Symposium stresses data management as key to smarter leadership
One of the most popular conferences for chief information officers each year is the MIT Sloan CIO Symposium, held each May in Cambridge, MA. This year’s event will be all about data management, analytics, AI and disruptive technologies.
Information Management spoke with Lindsey Anderson, Chair of the MIT Sloan CIO Symposium, about what attendees can expect to learn at this year’s symposium.
Information Management: This May, the MIT Sloan School will again host its annual CIO Symposium. What is the main theme of this year’s event and what can attendees expect to learn?
Lindsey Anderson: This year’s theme is “Leading the Smarter Enterprise.” The smarter enterprise leverages data, machine learning, artificial intelligence and other insightful technologies to create organizations that are deeply engaged with customers and other stakeholders.
Smarter enterprises are culturally transformed to incorporate data-driven insights into every decision. They work collaboratively and promote talent growth, and are more consumer/customer oriented and quicker at getting to market.
This year’s attendees will learn the following, among other things:
- Data strategies that pay off
- How big companies are running smarter
- Managing organizational explosions during digital transformation
- How to co-evolve with your customers and external partners
- Future-proofing the workforce for digital
- How to architect your business for sustained success
- The real impact of machine learning and robotics on the workforce
- Working with your boards
IM: Are there specific emerging technologies or disruptive technologies that are most capturing the attention of CIOs right now, and if so, why so?
Anderson: This year’s symposium is focused on a convergence of technologies we call insightful technologies. These technologies include big data, cloud, AI, machine learning, and predictive analytics, among others. Each has been percolating over the last several years until this year where they have reached a level of maturity where they can converge.
The whole is greater than the sum of the parts. Individually these technologies cannot be as disruptive as they will be as they converge into insightful technologies, enabling enterprises to run smarter.
I'm not sure that insightful technologies have captured the attention of CIOs yet. The purpose of this year's symposium is to make sure they do.
IM: What are the issues related to data management and data governance that are most demanding the attention of CIOs today?
Anderson: Keep the end in mind: data is the backbone of the smarter enterprise and always will be. Yet data is the weakest link. It is fragile and boring; it easily suffers from benign neglect by executive leadership. But without broad and reliable data, the smart enterprise falls apart. The old adage, garbage in/garbage out, is just as true today as it was 50 years ago.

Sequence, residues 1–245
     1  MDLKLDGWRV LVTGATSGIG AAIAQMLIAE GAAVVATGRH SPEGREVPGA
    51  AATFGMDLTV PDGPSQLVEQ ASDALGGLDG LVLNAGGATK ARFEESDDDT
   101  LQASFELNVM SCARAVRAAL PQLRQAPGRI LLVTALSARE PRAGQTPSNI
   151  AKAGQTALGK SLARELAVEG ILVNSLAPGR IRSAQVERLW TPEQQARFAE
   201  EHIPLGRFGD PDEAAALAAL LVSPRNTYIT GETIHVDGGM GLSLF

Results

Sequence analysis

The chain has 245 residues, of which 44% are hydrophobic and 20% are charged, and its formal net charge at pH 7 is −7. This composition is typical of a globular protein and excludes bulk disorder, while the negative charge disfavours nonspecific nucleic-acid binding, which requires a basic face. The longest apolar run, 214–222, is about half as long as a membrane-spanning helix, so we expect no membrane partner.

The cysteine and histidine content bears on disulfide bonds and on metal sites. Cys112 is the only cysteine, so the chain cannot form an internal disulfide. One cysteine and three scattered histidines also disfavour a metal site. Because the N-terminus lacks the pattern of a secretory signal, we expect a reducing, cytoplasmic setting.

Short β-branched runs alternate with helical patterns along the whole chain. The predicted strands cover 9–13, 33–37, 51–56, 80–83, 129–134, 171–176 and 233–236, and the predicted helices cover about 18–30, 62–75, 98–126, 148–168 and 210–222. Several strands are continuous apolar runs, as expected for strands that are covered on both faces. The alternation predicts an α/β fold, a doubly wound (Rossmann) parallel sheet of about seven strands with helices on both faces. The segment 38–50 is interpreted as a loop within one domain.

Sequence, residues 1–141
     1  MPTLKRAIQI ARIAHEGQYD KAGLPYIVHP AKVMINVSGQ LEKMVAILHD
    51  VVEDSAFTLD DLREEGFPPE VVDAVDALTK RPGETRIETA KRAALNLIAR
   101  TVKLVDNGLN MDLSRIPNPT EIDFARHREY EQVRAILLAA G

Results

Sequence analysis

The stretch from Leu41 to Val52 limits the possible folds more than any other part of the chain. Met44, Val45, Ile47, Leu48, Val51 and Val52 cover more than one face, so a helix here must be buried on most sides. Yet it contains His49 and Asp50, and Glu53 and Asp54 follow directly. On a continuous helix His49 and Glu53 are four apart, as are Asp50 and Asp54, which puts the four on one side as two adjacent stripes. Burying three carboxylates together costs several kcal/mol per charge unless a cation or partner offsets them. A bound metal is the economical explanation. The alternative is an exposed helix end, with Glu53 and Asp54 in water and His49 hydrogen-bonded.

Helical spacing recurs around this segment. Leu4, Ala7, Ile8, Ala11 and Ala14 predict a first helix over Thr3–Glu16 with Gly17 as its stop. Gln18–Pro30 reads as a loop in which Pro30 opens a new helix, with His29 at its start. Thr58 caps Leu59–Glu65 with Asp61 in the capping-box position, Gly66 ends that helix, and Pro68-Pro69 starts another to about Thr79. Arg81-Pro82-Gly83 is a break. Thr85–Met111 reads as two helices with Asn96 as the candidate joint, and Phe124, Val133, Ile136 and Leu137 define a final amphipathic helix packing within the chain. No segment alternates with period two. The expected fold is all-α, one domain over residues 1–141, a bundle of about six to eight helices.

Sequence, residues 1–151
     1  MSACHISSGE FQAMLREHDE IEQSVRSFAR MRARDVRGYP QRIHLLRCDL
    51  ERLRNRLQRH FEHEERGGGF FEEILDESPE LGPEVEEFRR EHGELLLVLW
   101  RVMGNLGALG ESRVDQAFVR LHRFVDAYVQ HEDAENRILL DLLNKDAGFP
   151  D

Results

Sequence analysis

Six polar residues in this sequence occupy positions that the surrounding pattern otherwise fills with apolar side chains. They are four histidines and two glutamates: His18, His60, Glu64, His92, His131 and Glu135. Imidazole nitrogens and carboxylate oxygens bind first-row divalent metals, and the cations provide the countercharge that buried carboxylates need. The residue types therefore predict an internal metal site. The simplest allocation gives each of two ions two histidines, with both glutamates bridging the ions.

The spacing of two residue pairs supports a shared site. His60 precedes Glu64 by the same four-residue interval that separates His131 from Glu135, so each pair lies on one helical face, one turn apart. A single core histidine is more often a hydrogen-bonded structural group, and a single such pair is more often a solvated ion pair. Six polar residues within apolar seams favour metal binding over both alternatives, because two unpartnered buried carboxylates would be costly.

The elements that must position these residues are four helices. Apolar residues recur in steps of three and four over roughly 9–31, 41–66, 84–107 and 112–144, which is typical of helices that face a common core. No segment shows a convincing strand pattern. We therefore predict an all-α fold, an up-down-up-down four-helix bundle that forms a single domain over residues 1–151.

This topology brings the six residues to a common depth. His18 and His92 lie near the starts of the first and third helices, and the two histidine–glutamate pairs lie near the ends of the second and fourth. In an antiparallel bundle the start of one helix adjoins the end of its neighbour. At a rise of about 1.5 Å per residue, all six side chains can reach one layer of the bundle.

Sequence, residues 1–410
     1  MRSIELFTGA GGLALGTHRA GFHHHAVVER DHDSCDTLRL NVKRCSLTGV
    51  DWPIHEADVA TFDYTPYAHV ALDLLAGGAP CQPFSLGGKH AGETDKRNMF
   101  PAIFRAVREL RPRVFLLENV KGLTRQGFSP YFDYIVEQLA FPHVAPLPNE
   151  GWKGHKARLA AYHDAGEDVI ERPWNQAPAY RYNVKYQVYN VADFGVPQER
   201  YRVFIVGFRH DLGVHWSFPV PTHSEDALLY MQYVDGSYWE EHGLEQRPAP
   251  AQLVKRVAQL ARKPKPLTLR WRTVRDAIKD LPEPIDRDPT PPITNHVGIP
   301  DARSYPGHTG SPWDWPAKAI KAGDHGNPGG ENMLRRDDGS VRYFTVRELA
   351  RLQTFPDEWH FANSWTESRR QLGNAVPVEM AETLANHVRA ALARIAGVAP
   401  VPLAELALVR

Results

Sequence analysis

Without constant vigilance the quality and usefulness of data will decline. Data management and governance are tools the CIO uses to stem the decline, but the CIOs main focus should be on the inherent entropy of data. That focus will best guide him or her in the best use of data management and governance.
IM: While “big data” was one of the IT buzzwords of two years ago, we don’t hear or see the term as much in 2019. What happened to big data, from the perspective of CIOs today?
Anderson: Big data is no longer a buzzword because it works. CIOs know how to implement big data, but big data isn’t set in stone. CIOs are still refining it and enhancing their implementations as they build their smarter enterprises. And they will continue to do so for some time. So while there may not be a lot of talk around big data, there will continue to be a lot of work.
IM: Issues related to data security and data privacy have grabbed the attention of corporate execs and boards. What do CIOs view as the top data security issues and threats in 2019, and beyond?
Anderson: CIOs need to change their perspective on security. Cybercrime is not just for hackers anymore; it’s big business.
Cybersecurity research at MIT Sloan (IC)3 found that the dark web ecosystem is using the concepts of the value chain and “as-a-service” to make all the components of a cyber-attack available for purchase on the dark web. Launching a successful attack only requires clever business person cobbling together the necessary components, with dark web support services to help every step along the way.
Cybercrime “as-a-service” means CIOs should anticipate more frequent attacks, most of which will probably fail because to existing defenses, but the cyber-entrepreneur will continuously change tactics. There’s money to be made.
Cybercrime isn’t just big business, it’s smarter business. It too has access to insightful technologies and will be using them aggressively. It’s time for CIOs to fight fire with fire. CIOs need to employ insightful technologies to strengthen their defenses.
IM: What lessons can CIOs hope to learn at the symposium this year that will help them make the most of the data assets in their organizations?
Anderson: The most important lesson for CIOs is to develop a data strategy. The most compelling data strategies articulate exactly how data will generate economic value—specifically and uniquely—for an organization. They spell out the organization’s data monetization approach, along with associated risks, costs and benefits – and describe the capabilities and activities required for execution.